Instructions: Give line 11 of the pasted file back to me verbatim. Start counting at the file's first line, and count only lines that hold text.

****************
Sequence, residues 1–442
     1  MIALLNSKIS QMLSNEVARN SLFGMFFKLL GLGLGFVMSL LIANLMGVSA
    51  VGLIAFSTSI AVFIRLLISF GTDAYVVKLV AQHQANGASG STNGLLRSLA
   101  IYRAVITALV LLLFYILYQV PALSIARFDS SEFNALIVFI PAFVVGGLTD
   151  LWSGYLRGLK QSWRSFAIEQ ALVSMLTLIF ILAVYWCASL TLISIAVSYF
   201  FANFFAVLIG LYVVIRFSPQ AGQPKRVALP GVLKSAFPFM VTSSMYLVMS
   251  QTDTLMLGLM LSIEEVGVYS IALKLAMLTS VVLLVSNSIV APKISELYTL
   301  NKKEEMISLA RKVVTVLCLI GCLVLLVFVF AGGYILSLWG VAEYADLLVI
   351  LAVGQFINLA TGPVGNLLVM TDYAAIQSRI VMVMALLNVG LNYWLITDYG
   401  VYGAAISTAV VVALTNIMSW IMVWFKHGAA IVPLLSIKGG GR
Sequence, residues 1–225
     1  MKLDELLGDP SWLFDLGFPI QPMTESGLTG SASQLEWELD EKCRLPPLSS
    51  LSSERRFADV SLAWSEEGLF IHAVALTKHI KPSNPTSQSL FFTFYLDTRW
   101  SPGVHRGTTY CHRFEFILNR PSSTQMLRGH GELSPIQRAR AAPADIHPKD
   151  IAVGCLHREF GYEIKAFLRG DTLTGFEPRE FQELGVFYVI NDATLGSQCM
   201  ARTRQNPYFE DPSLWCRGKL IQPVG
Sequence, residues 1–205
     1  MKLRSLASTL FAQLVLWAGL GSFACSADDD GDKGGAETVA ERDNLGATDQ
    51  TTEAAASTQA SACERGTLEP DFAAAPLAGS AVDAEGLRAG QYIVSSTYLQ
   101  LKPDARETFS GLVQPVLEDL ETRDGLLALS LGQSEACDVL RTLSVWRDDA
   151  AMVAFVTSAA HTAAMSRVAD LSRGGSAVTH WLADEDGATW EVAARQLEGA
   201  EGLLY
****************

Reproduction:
Sequence, residues 1–225